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Book Jacket

Trade Paperback
256 pages
Jun 2006
Bethany House Publishers

Blah, Blah, Blah: Making Sense of the World's Spiritual Chatter

by Bayard Taylor

Review  |   Author Bio  |  Read an Excerpt


Chapter Three: The Big Questions

I read somewhere a while back of a guy who grew up in New York as a "red diaper baby." This doesn't mean he had a bad rash. It means his parents were committed communists. Anyway, when he was growing up, his father would ask everyone he met, "What's your purpose in life?"

A good question. A fair question. A universal question.

In my freshman year, my college roommate asked me, "How can you say that you, who grew up in Southern California, who have lived only about eighteen years on this earth, who have not traveled the world or even seen that much of the United States--how can you say that you know `the truth?' "

A good question. A fair question. A universal question.

These questions and ones like them bring us to the heart of what it means to be human. What is our purpose, if any? How can puny people like us get to the truth about anything? What can we know? How can we know it? What is real? True? Good? People throughout history in every station of life have yearned for the answers to these questions.

And whatever the answer to those questions, its contours are going to be fixed by a whole set of almost-subconscious, rock-bottom convictions about how things really are and couldn't possibly be any other way. These convictions come into play far before we even start talking about philosophical or religious doctrines.

You can call this set of underlying assumptions controlling or fundamental beliefs, preconceived notions, presupposed ideas (or if you want to get fancy, presuppositions), subliminal thinking, preconscious thought, conceptual worlds, deep mental frameworks, or arch-whatevers. Immanuel Kant, the eminent eighteenth-century German philosopher, called it Weltanschauung, (velt-an-show'-ung).

Crouching Tiger, Hidden Worldview
Weltanschauung combines two German words: welt (world) and anschauung (view). Your worldview is your frame of reference, the spectacles through which you see the world.

Worldview is the biggest determiner of human behavior. You might say you believe one way, but your real worldview is revealed by what you do.

Lost in Translation
Just as words, phrases, and entire speeches can get lost in translation, the concept of worldview can get lost in culture. But worldview is not the same as culture.

Culture is the sum total of language, behaviors, social hierarchies, religion, customs, taboos, and punishments for acting outside of social norms. Culture includes material artifacts like buildings, art, clothing, decorations, tools, and implements for war. In traditional cultures, there is one controlling worldview that pretty much everyone accepts without question.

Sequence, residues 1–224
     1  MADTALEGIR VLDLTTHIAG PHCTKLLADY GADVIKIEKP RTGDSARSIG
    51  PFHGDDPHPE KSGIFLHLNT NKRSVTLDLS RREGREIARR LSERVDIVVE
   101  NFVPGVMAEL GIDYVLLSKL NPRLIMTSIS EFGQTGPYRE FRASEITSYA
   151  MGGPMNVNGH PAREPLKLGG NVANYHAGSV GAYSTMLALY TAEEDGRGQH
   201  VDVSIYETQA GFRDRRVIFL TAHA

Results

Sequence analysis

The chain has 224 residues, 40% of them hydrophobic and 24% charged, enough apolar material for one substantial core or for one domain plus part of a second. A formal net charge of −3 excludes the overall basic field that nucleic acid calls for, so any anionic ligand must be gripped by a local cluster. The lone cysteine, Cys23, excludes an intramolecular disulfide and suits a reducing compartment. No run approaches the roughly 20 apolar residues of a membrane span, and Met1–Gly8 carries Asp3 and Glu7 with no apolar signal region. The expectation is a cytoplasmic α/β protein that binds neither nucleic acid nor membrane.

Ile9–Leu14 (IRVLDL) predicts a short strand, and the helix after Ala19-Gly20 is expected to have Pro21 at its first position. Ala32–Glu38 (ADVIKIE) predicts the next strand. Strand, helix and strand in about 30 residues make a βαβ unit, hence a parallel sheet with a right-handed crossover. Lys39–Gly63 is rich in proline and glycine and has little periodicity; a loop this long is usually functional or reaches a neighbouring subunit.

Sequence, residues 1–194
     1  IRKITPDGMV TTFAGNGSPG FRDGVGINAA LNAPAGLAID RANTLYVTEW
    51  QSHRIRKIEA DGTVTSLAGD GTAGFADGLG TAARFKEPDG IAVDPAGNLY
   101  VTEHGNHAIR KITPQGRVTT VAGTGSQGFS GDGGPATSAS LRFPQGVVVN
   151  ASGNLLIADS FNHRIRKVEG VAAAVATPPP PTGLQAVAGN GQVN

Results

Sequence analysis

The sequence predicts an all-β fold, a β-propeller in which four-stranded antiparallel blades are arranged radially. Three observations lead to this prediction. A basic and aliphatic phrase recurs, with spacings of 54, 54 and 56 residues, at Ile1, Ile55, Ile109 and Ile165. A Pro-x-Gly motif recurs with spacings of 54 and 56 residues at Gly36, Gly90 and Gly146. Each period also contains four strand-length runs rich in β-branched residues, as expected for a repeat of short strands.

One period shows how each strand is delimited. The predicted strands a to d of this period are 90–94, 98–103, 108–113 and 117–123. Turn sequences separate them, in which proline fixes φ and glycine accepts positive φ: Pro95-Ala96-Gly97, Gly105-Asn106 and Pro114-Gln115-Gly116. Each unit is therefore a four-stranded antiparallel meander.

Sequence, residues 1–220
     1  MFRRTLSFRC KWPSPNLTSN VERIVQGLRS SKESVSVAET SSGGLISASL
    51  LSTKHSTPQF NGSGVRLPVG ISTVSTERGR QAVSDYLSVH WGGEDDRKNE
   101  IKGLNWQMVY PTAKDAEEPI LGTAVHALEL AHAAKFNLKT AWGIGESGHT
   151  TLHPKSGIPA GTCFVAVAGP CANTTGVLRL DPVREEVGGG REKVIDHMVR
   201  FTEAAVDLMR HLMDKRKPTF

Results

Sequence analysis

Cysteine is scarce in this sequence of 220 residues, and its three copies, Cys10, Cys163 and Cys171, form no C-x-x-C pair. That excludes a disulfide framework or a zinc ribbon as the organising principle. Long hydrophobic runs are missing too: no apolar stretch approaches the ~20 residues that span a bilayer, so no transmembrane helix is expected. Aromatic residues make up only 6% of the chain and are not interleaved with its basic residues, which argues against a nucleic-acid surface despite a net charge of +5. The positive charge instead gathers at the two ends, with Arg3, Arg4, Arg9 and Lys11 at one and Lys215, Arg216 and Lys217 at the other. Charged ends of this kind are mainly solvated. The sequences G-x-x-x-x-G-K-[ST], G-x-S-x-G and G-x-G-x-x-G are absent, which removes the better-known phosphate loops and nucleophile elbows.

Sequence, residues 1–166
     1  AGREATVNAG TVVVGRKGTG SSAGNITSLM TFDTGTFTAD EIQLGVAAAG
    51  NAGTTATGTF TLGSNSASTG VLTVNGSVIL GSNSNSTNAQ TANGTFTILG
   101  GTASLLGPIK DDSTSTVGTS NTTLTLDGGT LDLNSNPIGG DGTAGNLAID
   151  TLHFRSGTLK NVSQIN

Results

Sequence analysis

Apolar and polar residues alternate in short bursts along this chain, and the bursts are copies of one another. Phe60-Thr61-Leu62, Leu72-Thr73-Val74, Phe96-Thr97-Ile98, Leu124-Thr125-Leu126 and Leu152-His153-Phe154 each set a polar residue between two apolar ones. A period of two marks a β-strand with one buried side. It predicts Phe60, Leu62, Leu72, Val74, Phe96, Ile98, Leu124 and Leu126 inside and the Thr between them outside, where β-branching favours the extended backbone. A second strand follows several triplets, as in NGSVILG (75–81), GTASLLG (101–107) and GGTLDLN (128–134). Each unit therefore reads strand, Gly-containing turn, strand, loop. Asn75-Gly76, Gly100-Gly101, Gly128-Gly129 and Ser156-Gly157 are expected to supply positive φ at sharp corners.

In contemporary cultures (say, Southern California suburbia), where people have many more lifestyle and belief options available, you can have neighbors living side by side who share a similar culture, but who have completely different worldviews.

Worldview Mosh Pit
The term worldview can be a mosh pit: vibrant, rough-and-tumble, and confusing. It's applied in all kinds of different ways in all kinds of fields, from culture, politics, economics, and save-the-world causes to religion, philosophy, and art. Sometimes you'll find it divided into two words (world view), and sometimes you'll see it as just one (worldview).

In this book I'll spell it as one word, and I'll be limiting the entire worldview discussion to the big questions mentioned at the beginning of the chapter.

By the way, no worldview has a monopoly on "the smart people." Wherever your life takes you after high school, you're bound to meet people who seem almost God-like in intelligence who may have worldviews entirely different from your own. At such times please remember: a person's sharp wit and IQ do not make his or her worldview true. Sharp wit and IQ just help that person cleverly portray it.

It's easy to feel intimidated when you're around people who are exceptionally intelligent. Just remember that you don't have to be a genius to hold to a solid and legitimate worldview. When you find yourself with someone who's really smart, try not to feel threatened. Ask questions; see what you can learn. Don't be fooled into thinking that intelligence is the main factor in discerning or knowing truth.

Excerpted from:
Blah Blah Blah: Making Sense of the World's Spiritual Chatter by Bayard Taylor
Copyright 2006; ISBN 0764201875
Published by Bethany House Publishers
Used by permission. Unauthorized duplication prohibited.